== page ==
Underwater “scooters,” or diver propulsion vehicles, are submersibles that provide divers with greater range and the ability to move large items when exploring the deep. As with most things called “scooters,” they bear little resemblance to the (motor) scooters we ride and enjoy. At least, they did until this Saturday, when Austrian stuntman Günther Schachermayr rode a customized, submersible Vespa for 300m at a depth of five meters below the surface of his homeland’s Klauser Lake.
The underwater project, or “mission,” as Schachermayr calls his exploits, reportedly cost €180,000 (approx. $197,826 USD), and several Vespas. Two scooters were scrapped after unsuccessful underwater tests. Special care was taken due to concerns about possible water contamination. Local authorities weren’t going to tolerate two-stroke exhaust in their lake.
Though no technical details have been released, the vehicle appears to be based on a Vespa PK (the company’s first automatic transmission scooter). The model has been the basis for some electric motor conversions, as is probably the case with the Schachermayr version.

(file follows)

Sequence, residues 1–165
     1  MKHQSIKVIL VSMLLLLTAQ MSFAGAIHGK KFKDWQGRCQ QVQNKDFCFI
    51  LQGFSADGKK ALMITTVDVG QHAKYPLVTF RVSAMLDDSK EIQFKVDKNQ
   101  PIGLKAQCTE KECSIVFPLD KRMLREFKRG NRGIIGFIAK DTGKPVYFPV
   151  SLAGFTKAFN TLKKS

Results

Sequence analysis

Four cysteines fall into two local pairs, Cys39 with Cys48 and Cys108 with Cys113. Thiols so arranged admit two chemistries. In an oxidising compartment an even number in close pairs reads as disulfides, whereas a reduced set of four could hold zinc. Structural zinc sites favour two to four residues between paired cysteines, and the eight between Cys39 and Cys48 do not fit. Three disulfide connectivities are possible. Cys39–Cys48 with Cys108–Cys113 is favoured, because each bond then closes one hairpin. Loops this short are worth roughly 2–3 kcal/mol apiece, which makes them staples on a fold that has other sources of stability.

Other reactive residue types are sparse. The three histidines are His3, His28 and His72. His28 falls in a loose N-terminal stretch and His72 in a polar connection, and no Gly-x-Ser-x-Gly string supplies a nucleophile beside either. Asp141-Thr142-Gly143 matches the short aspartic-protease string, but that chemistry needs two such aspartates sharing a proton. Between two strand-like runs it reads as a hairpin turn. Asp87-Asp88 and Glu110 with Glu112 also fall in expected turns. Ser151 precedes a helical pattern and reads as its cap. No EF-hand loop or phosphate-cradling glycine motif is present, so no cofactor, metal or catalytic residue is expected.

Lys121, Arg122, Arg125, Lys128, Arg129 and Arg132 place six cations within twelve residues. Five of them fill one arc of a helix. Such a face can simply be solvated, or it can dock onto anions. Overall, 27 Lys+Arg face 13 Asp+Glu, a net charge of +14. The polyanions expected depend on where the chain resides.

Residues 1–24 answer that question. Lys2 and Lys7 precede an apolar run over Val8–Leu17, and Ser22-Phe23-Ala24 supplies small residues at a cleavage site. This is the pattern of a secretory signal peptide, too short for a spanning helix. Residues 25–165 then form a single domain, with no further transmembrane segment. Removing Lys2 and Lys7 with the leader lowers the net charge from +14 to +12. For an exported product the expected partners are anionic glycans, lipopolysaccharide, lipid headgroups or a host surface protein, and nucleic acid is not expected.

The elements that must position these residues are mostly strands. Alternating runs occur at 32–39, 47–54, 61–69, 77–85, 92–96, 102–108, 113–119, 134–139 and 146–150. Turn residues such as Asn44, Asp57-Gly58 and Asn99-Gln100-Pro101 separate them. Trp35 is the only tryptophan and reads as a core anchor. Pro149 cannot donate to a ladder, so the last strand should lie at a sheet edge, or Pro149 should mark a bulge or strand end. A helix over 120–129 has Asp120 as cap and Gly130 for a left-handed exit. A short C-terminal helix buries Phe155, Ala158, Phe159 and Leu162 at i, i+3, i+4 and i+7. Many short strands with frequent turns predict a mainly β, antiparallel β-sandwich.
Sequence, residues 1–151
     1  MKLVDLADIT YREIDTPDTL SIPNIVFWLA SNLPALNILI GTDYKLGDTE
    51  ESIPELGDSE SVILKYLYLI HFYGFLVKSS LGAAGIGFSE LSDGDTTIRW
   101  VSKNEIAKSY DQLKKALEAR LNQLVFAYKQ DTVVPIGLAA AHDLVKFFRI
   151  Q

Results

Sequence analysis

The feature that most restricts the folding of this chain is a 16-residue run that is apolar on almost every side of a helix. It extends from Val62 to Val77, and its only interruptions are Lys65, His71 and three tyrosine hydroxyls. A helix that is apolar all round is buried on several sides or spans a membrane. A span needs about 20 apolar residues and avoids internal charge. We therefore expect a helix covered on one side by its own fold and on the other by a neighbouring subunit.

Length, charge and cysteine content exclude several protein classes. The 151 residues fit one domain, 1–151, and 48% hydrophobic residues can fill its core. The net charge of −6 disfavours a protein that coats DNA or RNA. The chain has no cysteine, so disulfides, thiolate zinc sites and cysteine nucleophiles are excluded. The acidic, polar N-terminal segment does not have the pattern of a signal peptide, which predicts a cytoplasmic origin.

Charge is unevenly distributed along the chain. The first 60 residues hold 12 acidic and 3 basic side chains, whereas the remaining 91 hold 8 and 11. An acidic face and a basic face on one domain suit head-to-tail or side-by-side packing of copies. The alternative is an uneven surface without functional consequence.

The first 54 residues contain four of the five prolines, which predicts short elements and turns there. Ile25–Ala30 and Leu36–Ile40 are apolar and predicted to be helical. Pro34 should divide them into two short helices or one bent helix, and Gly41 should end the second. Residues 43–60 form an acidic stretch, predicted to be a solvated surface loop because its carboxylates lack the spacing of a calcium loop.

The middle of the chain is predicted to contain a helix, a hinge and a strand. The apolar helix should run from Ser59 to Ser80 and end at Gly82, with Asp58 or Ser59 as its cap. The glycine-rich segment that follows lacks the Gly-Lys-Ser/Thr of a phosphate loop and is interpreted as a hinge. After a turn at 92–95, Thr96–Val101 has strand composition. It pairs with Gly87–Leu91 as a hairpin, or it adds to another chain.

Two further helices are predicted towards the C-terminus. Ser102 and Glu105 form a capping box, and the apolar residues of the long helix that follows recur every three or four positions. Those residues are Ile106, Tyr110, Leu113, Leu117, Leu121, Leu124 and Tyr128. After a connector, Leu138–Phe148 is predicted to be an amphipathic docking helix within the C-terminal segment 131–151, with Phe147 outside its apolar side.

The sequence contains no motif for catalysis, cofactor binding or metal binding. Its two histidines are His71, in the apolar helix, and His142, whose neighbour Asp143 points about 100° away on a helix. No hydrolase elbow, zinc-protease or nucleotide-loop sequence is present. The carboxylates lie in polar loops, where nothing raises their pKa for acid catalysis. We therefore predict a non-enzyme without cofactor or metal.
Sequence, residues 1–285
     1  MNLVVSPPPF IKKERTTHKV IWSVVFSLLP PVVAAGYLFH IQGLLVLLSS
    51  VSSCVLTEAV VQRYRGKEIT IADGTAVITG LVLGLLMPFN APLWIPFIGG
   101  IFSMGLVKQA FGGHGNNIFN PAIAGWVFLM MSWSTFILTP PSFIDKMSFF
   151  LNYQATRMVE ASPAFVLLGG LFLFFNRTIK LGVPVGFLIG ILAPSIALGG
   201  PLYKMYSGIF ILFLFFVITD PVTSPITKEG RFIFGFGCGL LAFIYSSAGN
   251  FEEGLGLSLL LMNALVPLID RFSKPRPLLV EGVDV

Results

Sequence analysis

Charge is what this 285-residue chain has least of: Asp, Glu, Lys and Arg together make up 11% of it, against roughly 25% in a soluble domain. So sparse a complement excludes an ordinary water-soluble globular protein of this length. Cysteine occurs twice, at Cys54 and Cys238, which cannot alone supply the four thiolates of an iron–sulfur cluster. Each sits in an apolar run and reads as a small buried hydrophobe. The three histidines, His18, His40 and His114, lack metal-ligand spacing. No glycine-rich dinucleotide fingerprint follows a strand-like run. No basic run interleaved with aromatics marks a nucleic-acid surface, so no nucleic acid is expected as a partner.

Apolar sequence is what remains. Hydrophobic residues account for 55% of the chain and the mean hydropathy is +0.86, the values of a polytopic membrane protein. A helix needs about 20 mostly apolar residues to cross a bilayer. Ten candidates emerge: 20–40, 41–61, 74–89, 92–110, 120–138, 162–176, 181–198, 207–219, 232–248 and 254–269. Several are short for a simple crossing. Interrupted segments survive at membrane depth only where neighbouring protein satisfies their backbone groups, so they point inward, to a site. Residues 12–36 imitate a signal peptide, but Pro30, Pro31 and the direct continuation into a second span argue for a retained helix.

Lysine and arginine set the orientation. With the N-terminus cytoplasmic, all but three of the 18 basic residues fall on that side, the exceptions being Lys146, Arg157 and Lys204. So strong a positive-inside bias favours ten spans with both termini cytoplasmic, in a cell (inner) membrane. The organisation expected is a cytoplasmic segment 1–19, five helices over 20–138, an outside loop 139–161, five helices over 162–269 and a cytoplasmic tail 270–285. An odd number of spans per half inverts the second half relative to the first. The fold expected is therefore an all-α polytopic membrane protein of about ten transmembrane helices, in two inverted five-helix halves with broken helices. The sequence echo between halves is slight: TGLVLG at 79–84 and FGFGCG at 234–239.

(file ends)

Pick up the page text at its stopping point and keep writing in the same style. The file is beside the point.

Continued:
Three hundred meters at 15-feet underwater may be enough to set a record for “Underwater Vespa Ride” (we could find no previous record), but the high price and low range isn’t going to inspire many with dreams of deep-sea scootering. However, more than setting records, Schachermayr’s missions seem focused on doing what no rider has done — or even considered — before, such as riding down the world’s longest zipline, doing a continuous 14.7 km wheelie, or the world’s highest Vespa ride up a steel cable in the troposphere. All of these stunts required modified Vespas, an unconventional mind, dedication to scooters, and courage. We can certainly find inspiration in that.